The Circus iris-ins on Merna (Merna Kennedy), riding bareback, bursting through a large star. Her ringmaster father (Al Garcia) becomes enraged when she misses the hoop on a second attempt. This misstep elicits a thrashing and period of starvation. Merna’s act is followed by an ensemble of flabby, geriatric clowns. Al desperately needs a saving act.
Enter the Tramp, in an elaborate, virtuoso introduction. Starving, the Tramp is not above stealing food from a baby before he becomes the unwitting victim and pawn of a pickpocket. Wrongly accused, the Tramp runs for his life. He surrealistically mimics an animatronic prop in an amusement ride. Once discovered, he evades capture within a hall of mirrors (this scene surely influenced Orson Welles’ Lady From Shanghai). This delightfully elongated vignette takes Charlie to the circus stage where he unknowingly becomes the hit of the show. The film’s one conceit, which Chaplin could not resist, is in the audience crowning him as “the Funny Guy.”
The Tramp is offered a job, as a prop man. The key to the Tramp’s comic success is that his act is unintentional. Al shrewdly keeps his new employee in the dark, which, for awhile, isn’t that hard to do. Charlie is the classic hobo, cooking his meager meal over an open fire, and sharing it with Merna, whom he is secretly in love with.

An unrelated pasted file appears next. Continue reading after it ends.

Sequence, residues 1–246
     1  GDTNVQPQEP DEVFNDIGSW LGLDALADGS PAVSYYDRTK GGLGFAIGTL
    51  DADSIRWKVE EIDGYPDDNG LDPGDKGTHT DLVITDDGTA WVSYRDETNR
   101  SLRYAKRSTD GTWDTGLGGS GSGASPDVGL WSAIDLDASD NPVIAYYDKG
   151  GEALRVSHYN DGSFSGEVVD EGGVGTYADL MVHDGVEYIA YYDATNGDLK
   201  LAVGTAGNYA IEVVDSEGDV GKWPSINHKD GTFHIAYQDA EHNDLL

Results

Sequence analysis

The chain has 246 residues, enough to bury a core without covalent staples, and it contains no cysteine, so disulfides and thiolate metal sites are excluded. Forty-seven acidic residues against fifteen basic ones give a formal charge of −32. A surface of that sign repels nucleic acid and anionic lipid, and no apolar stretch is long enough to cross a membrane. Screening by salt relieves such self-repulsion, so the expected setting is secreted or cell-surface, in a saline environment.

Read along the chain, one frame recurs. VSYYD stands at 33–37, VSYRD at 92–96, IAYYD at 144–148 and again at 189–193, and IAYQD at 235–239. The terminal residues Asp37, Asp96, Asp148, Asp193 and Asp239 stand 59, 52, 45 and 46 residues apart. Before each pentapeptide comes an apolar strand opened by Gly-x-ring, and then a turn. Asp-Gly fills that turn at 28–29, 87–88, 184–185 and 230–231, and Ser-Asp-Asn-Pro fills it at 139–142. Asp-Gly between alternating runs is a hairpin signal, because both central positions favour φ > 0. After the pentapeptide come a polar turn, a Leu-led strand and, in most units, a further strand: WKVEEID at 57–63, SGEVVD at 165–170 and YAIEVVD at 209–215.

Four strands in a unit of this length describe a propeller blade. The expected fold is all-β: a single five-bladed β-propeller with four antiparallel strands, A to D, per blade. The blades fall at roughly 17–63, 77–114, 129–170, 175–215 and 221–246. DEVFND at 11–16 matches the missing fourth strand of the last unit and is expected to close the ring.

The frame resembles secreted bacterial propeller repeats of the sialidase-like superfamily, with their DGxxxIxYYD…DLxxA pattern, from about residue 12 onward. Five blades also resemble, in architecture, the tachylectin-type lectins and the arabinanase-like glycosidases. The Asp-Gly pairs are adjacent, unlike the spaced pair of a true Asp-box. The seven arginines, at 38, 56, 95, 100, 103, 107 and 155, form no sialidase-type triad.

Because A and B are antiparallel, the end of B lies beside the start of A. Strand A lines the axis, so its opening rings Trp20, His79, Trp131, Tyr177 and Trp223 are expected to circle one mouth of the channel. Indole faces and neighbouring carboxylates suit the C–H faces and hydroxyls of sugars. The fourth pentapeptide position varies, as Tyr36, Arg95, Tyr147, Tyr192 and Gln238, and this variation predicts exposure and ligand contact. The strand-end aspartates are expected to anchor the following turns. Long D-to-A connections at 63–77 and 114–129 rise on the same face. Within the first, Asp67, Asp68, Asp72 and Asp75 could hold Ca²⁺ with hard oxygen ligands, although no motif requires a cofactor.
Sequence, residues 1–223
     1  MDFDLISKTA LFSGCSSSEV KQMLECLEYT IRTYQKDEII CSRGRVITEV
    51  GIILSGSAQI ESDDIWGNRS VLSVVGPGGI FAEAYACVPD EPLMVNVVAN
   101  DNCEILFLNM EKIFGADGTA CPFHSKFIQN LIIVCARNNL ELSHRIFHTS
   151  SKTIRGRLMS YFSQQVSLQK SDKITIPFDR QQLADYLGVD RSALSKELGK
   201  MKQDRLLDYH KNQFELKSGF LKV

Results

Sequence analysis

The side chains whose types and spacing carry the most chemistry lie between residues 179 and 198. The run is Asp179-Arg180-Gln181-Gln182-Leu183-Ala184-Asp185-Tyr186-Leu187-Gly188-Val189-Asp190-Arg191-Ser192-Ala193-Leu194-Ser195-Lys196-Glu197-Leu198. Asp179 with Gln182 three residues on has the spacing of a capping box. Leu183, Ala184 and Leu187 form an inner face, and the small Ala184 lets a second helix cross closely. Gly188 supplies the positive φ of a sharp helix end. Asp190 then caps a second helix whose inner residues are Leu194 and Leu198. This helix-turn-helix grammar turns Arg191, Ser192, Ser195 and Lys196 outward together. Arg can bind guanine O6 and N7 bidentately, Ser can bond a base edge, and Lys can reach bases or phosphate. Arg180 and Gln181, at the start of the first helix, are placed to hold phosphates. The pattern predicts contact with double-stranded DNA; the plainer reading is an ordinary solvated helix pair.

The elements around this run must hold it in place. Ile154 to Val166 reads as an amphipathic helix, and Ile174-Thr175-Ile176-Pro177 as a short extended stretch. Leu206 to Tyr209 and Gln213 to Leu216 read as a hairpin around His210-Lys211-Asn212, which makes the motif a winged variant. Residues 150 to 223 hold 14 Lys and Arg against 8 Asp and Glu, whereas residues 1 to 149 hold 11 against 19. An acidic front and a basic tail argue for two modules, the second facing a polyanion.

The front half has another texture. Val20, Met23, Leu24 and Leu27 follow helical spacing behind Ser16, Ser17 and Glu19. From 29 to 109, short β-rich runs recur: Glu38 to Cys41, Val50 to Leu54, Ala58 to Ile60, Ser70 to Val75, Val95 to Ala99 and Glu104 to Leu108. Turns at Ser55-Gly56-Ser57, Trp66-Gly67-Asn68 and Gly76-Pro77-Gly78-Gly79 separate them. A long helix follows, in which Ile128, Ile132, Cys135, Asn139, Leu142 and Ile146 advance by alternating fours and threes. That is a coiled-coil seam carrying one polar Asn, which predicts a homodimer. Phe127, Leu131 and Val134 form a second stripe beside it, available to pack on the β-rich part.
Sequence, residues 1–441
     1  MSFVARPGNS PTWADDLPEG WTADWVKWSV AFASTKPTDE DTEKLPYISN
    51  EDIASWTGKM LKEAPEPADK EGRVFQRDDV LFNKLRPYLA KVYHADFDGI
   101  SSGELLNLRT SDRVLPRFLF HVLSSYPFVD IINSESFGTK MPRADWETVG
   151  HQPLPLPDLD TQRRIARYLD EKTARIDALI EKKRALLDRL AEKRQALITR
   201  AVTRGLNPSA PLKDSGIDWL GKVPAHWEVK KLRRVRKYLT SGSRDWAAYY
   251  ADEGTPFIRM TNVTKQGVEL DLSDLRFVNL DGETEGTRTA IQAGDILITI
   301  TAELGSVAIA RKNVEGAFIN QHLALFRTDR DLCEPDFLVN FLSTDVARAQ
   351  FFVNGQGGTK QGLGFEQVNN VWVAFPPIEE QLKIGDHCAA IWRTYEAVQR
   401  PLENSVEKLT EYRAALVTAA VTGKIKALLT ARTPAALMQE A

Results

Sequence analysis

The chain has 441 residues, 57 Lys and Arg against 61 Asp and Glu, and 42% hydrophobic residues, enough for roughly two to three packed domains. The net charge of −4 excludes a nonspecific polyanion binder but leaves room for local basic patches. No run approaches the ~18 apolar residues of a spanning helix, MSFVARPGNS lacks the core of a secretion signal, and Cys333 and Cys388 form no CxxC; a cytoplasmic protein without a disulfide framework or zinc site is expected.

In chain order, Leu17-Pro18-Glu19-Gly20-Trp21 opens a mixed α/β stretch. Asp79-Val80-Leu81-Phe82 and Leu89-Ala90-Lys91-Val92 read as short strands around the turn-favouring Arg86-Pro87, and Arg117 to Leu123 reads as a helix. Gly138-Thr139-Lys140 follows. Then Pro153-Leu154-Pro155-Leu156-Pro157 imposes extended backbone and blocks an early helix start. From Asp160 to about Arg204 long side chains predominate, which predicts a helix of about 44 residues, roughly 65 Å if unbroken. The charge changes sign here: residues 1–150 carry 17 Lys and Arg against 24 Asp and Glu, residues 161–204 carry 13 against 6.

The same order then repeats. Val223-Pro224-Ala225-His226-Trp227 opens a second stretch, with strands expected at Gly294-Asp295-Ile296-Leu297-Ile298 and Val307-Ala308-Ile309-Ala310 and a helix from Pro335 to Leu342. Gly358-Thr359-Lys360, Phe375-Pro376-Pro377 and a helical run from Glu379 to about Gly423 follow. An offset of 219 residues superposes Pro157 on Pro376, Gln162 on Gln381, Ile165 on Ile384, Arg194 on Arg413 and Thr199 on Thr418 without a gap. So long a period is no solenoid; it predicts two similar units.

Naturally, several slapstick vignettes are in order. These involve the animal kingdom inhabitants of the circus. A jackass, a lion, a tiger, and monkeys on a high wire plague Charlie. While some of these bits are elaborately staged, none equal the freshness of the opening.
The Tramp discovers that he is the hit act, yet somehow this discovery does not dispel the performer’s magic. However, the object of his affection is in love with trapeze artist Rex (Harry Crocker). The film ends with the Tramp exactly where he started. He accepts his fate without self-pity. Like us, he can understand his rejection, and the iris closes him off to us. Chaplin apparently hoped that iris would forever swallow up what he considered to be a best-forgotten opus. However, Chaplin cannot be trusted here as an objective judge or interpreter of his own work, which stands as a formidable maiden.